He had signed a minor league contract with the Phillies in November before they let him go in July and he wound up in Washington.
The Associated Press contributed to this report.
‘Travel day’ roundtable — everything we learned in Games 1 and 2
It’s a travel day in the 2020 World Series … just without any travel.
While they do, ESPN baseball writers Sam Miller and David Schoenfield answer some key questions so far this Fall Classic.
What has stood out to you most over the first two games of this World Series?
Sam Miller: How much deeper the Rays’ lineup looks when Brandon Lowe and Joey Wendle aren’t helpless. Tampa Bay got through three playoff rounds behind good pitching and Randy Arozarena, but every inning seemed to start with slumping Rays hitters making two quick outs. Lowe, their best regular-season hitter/worst postseason hitter, broke out with two homers in Game 2. Wendle, in a similar slide, hit one oppo-rocket for a sac fly and pulled a double so hard that Mookie Betts took a bad route at it. Austin Meadows and Yandy Diaz each hit his hardest ball this postseason in Game 2, and Manuel Margot is showing that he might have actually turned into a star sometime in mid-August. The Kershaws and Buehlers of the world might still shut this lineup down, but the Rays should scare the rest of the Dodgers’ staff.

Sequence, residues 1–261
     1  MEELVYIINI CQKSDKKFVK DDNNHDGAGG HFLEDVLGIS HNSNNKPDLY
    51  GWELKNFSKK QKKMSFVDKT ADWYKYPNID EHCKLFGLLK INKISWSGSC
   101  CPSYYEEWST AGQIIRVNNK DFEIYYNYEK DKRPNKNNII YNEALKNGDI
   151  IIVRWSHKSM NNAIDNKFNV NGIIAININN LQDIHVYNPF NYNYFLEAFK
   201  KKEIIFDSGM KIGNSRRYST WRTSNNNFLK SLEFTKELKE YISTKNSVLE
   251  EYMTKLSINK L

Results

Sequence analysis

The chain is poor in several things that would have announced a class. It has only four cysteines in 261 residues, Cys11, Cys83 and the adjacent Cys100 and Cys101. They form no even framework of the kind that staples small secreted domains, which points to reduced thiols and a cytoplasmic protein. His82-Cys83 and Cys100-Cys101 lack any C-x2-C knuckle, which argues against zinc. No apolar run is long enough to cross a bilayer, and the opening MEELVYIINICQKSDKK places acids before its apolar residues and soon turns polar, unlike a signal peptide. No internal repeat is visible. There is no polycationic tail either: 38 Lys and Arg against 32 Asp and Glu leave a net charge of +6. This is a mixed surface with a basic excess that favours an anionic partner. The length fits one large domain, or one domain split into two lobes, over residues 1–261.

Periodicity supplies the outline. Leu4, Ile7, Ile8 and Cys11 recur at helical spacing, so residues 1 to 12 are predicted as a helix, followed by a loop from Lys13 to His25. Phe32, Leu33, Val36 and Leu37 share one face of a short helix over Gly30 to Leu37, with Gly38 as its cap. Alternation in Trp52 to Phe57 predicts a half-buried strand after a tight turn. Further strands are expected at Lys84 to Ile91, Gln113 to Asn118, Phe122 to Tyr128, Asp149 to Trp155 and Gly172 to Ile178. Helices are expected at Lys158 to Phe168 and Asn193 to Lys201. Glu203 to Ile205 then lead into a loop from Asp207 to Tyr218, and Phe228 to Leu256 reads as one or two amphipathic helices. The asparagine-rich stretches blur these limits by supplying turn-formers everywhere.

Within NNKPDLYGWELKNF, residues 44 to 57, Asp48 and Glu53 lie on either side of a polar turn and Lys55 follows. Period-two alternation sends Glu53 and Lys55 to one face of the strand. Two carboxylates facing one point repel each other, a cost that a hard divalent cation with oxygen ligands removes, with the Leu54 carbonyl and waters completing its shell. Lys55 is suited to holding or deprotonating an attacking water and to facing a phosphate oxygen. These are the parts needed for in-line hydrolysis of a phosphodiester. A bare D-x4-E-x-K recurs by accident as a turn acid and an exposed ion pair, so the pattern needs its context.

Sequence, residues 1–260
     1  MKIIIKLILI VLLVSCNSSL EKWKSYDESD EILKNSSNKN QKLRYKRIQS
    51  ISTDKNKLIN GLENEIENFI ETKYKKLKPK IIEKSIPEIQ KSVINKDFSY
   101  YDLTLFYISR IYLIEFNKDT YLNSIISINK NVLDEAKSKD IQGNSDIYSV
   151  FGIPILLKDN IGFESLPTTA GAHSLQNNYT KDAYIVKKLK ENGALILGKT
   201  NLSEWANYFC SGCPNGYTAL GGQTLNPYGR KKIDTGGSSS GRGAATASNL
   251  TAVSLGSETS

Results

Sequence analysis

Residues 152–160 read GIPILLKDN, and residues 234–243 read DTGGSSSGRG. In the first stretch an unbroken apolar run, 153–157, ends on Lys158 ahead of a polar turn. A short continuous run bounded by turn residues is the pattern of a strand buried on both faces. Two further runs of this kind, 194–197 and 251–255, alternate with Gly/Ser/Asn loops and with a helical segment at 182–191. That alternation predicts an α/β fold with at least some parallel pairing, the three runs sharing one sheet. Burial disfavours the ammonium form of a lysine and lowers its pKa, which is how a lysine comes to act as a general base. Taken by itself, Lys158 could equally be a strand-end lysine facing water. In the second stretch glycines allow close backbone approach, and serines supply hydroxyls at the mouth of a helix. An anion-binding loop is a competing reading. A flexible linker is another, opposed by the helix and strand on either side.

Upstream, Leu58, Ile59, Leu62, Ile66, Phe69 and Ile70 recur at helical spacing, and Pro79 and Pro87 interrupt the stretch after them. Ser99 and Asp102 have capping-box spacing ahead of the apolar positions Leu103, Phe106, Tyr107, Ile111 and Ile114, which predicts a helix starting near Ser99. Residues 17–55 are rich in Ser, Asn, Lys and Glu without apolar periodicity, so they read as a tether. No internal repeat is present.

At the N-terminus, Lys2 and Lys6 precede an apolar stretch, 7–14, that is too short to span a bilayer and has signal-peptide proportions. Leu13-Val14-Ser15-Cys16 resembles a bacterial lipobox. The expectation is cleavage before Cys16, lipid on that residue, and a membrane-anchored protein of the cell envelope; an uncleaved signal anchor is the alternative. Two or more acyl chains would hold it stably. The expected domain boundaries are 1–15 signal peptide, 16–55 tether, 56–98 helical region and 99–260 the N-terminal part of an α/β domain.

David Schoenfield: That maybe this isn’t going to be the low-scoring, grind-it-out, home runs-or-die series that we expected. With scores of 8-3 and 6-4, we’ve seen a little more offense than perhaps anticipated given the two pitching staffs. Also, that second-guessing in the World Series will forever remain a fun parlor game. Did Kevin Cash leave Tyler Glasnow in too long in Game 1? Did the Dodgers outthink themselves with a bullpen game in Game 2? Why does Dustin May not strike out more batters given his fastball? What is with all these “contact” plays by the runner on third base this postseason? OK, it worked for Mookie Betts on Tuesday, but it has failed several other times. Are 28-man rosters too many players? (Yes.) Are you tired off bullpen games? (Yes.) Is Corey Seager locked in right now? (Yes.) Do Dodgers fans want to see Joe Kelly in a close game? (No.)
What do the Dodgers need to do to win the series from here?
Miller: It sounds like the worst kind of cliche, but they just need to do what they do. The Dodgers are (no offense, Tampa Bay!) the better team here, and even in two split games it has showed: The Dodgers have 50 points of OBP on Tampa Bay so far in this series and 80 points of slugging. The regular-season Dodgers were only the 11th team in modern history with a winning percentage over .700, and so far in the postseason, against other postseason teams, they have the run differential of a .700 team. If they don’t make any gaffes and they just [serious cliche voice] play like they’re capable of playing, they’re going to win every seven-game series that isn’t beset by weirdness.